Yorkshire, England, UK
|Died||1968 (aged 72–73)|
Ilkley, Yorkshire, England
|Genre||Fantasy, historical fiction|
Barringer was a Quaker, born in Yorkshire, England. He served in an ambulance unit during World War I, was wounded in action in France and returned to the UK in 1917. After the war he worked at various times as a civil servant (Senior Information Officer with the Central Office of Information) and as an editor for Scottish publishers Thomas Nelson & Sons, for the BBC as an editor on the Radio Times, and in Amalgamated Press as an editor in their encyclopedia department. At Amalgamated Press he provided outlines of world history for their famous Children's Encyclopedia. Barringer and his wife had four daughters.
Most of Barringer's written works were originally published in the 1920s and 1930s, and included the three volumes of the Neustrian Cycle and three independent historical novels set in medieval England.
The Neustrian Cycle
Barringer's main body of work, the Neustrian Cycle, is a trilogy beginning with Gerfalcon; these novels were set around the fourteenth century in an alternate medieval France called Neustria (historically an early division of the Frankish kingdom). According to John Clute, "The basic premise, vaguely presented, is that the Merovingian Dynasty does not split apart cAD750; instead, Neustria survives, and at the time of the three tales (c1400) is still thriving." He notes further that "The sequence's alternative-world displacement serves not as an opening for magic but as a freeing of LB's imagination; the Neustria Cycle is far more intense and eloquent than his more-straightforward historical novels." The three books revolve around the character of Raoul of Ger, the protagonist of the first book and a secondary character in the later two, Joris of the Rock and Shy Leopardess. Each is a coming of age story.
Barringer was obscure as an author during his own lifetime; after his death, however, his fantasies were rediscovered and critically praised by later fantasy authors such as L. Sprague de Camp and Lin Carter, leading to revived interest in them. As a result, a number of reprints appeared in the 1970s and 1980s, most notably as volumes 7, 9 and 13 of the Newcastle Forgotten Fantasy Library in 1976–77. To date there has been no comparable revival of Barringer's other works.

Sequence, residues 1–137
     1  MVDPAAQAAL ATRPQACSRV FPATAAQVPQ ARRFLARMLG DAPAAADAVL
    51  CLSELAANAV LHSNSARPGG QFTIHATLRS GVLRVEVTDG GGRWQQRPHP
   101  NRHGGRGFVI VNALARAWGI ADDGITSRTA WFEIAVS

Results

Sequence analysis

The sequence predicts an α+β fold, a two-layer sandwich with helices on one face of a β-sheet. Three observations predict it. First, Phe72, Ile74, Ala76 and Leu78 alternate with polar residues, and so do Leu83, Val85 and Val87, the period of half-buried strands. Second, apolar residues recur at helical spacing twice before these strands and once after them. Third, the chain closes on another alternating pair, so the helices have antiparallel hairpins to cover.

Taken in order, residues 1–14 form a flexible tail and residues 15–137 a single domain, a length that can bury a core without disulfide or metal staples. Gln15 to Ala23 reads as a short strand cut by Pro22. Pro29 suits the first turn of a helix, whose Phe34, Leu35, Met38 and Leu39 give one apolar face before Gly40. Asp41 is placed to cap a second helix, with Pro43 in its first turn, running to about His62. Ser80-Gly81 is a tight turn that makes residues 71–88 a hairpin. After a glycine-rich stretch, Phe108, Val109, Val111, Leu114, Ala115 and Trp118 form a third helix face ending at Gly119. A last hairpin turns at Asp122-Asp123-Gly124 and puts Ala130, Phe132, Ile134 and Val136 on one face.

- Gerfalcon (Heinemann 1927, 310 p)
- Joris of the Rock (Heinemann 1928, 325 p)
- Shy Leopardess (Methuen 1948, 392 p)
- Kay the Left-Handed (Heinemann 1935, 284 p)
- Know Ye Not Agincourt? (Nelson 1936, 207 p)
- The Rose in Splendour: a Story of the Wars of Lancaster and York (Phoenix House 1953, 160 p)
- Reginald, Robert. Xenograffiti: essays on fantastic literature. (2005 second edition), Merovingian Dreams: The Neustrian Fantasies of Leslie Barringer (1983) I. O. Evans Studies in the Philosophy and Criticism of Literature, number 33 Borgo Press ISSN 0271-9061
- Clute, John. "Barringer, Leslie." in Clute, John and Grant, John. The Encyclopedia of Fantasy. London, Orbit, 1997, page 11.
- Leslie Barringer at the Internet Speculative Fiction Database
- Reginald, Robert. Xenograffiti: essays on fantastic literature. (2005 second edition), I. O. Evans Studies in the Philosophy and Criticism of Literature, number 33 Borgo Press ISSN 0271-9061 
- De Camp, L. Sprague. Literary Swordsmen and Sorcerers: the Makers of Heroic Fantasy. Arkham House, 1976. 
- Carter, Lin. Imaginary Worlds: the Art of Fantasy. Ballantine Books, 1973.
- Leslie Barringer at Library of Congress Authorities, with 14 catalogue records